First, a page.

The score’s new main theme is introduced in the first cue, “Ancestors,” a pretty and wistful melody that builds from an exotic dizi flute solo performed by the incomparable Richard Harvey, and which eventually grows to encompass the entire orchestra. The theme does have a distracting similarity to Rachel Portman’s 1993 score The Joy Luck Club, which is something of an irony as Portman was originally supposed to score Mulan in 1998 but had to leave the project due to her being pregnant; maybe we were destined to have a Portman melody in a Mulan film all along. It also does come across as a tiny bit generic, which is a little disappointing considering how unique and memorable Goldsmith’s theme for the same character was.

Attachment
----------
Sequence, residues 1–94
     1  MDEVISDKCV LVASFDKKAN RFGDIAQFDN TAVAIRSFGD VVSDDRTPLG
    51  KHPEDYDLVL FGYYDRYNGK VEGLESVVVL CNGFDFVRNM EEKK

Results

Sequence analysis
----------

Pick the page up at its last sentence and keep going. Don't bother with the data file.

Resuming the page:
The subsequent statement of the main theme in “Tulou Courtyard” is much more traditionally Chinese, and makes use of a whole host of ethnic instruments including more flutes, erhu cellos, suona oboes, pipa and ruan lutes, and guzheng and guqin zithers, all of which combine with the expansiveness of the western orchestra to provide a rich and respectful reflection of imperial China’s musical culture. Later, both “Honor to Us All” and “The Matchmaker” offer additional sequences of dutiful Chinese pastiche, blended with hints of the main theme, and some somewhat peculiar electronic ideas. Gregson-Williams worked with a number of regional music experts, including fellow composer Chad Cannon, to get the ethnic instrumentation right, and in the end it comes across as a respectful homage to the culture, especially as it relates to the traditional expectations of Mulan’s family, who assume she will find a husband and settle down, rather than head off to war. This choice between traditional roles and progressive female empowerment is a key theme of the movie, and is expressed in the second cue’s surprisingly powerful action finale. The first of those cues, as the title suggests, prominently features the melody of the Wilder/Zippel song “Honor to Us All” from the original movie, arranged in a similar light comedy style.